THE news that it’s now possible to pick up early warning signs of a certain type of Alzheimers as much as 25 years before the first symptoms appear, is a boost for science.
The tests, involving brain scans and spinal fluid, are being hailed as a great breakthrough which will allow us to learn more about the origins of the disease, have more time for drug trials and a better chance of slowing down the devastating progression.
So far, so good. The question is, do we really want to know — in our 30s and 40s — what lies in store, and that the fickle finger of demented fate is pointing directly at us?
Would I want to live for decades with the knowledge that the markers were already there, hard-wired into my DNA? Would I want to know that when I reached the next stage — little deposits or plaques forming in my brain — I had about 15 years to go before my memory began to fail and confusion set in?
Of course, having the ability to alter genetic predisposition is one of the great hopes of banishing everything from asthma to cancer.
In that sense we are all walking time bombs. But it’s knowing what disease is liable to get us — and in this case, when — that makes the difference between living in blissful ignorance and living in fear. My mother may have been aware that vascular dementia was taking hold of her, especially as she was a nurse. But she may not — and she never mentioned it. Since the condition has developed to the point where she is now totally dependant on nursing care, I have often thought about whether dementia is a bad or — wait for it — a good thing.
So often it is referred to as a terrible or cruel disease that turns able, talented and even eminent people into shadows of themselves with no or little memory, while robbing them of even the basics such as speech and continence.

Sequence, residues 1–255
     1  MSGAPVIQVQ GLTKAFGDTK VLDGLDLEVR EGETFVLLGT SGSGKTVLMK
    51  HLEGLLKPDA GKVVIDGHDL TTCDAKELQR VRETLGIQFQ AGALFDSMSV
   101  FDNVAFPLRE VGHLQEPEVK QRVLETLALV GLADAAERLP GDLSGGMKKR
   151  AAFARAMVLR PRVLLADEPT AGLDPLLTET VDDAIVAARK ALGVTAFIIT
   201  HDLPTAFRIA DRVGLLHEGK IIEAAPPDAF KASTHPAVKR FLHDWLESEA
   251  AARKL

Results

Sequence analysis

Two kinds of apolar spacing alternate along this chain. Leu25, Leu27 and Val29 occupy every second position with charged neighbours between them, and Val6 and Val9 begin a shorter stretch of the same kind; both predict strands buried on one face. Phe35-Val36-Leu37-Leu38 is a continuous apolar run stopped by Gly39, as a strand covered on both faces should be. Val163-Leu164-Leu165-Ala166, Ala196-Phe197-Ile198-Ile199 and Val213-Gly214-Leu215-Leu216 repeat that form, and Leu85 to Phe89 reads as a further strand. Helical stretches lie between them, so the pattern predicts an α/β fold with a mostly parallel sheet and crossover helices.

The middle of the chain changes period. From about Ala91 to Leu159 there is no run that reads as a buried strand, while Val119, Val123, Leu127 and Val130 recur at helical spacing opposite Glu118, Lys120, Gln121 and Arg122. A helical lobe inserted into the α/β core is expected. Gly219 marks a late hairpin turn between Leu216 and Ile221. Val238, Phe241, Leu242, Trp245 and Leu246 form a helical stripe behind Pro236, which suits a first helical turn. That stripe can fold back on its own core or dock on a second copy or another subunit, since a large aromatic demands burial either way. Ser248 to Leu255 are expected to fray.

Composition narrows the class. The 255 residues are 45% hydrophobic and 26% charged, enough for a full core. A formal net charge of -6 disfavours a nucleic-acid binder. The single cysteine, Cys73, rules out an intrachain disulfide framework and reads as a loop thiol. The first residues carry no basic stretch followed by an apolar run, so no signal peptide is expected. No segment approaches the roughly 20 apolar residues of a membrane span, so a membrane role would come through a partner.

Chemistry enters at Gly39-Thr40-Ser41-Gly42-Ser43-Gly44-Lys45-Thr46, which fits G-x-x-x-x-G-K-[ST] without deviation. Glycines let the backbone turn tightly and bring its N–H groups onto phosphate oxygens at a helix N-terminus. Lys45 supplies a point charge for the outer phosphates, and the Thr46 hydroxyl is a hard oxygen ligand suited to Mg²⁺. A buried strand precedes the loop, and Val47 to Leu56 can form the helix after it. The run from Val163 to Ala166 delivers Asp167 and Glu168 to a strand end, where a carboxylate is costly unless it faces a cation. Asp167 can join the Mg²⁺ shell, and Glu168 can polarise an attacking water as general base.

On the other hand, I look at Mum (around 88 when symptoms began seriously, and 94 now) and feel grateful that she isn’t even aware of these afflictions, some of which might have come about anyway with old age or other illnesses. She doesn’t remember her brothers or sisters, let alone that out of eight siblings, only two others are still alive. She doesn’t remember me either, other than to occasionally believe I am her mother. She doesn’t recognise a picture of her mother.
How would she feel, if she had all her faculties, knowing that she had to be toileted, cleaned, dressed and fed by others, however caring they are, let alone that she was unable to recognise her own parents or children?
She was once sad to leave, and worried about, her house.
I don’t think she has completely forgotten about it; there are still moments when she seems to acknowledge the past, but as if it’s on another plane . . . there, but not there, and of no real substance or concern.
In general, she appears quite happy — albeit with short periods of agitation she cannot explain. Of course it is sad — for me and other relatives. But she seems cushioned from reality and protected from any real worry or sadness.
Having unlearned anything she ever learned, she has almost returned to a state akin to babyhood.
Terrible? Cruel? Only if she had been able at 40 to look in a crystal ball and see her elderly future.
Maybe dementia, senile dementia at any rate, is as much a blessing as a curse. Scientists must continue their quest for cures, particularly for those younger sufferers with premature onset.
But life is for living. Knowing when and how we might die or what diseases we might — or might not — endure along the way, is a recipe for madness.
Manners should do
MY fears have come to pass. New regulations for landlords of multiple occupancy flats in Edinburgh state that first floors and above must have carpets to protect neighbours from noise. But that’s where it stops. It does not extend to owner-occupiers, or families — and it should.
I fail to understand why four young professionals renting a flat would be more of a nuisance than a noisy family. I once lived below someone whose hobby appeared to be dragging heavy furniture around their polished floorboards so I know the feeling.
Regulation shouldn’t be necessary for anyone.
Simple consideration should make it obvious that if someone’s living below you, a hard or stripped floor is a no-no, as are unnegotiated parties, or hammering early on a Sunday morning.
Still, in the absence of manners there may yet be a queue to buy flats under HMOs, where at least carpets deaden the pain.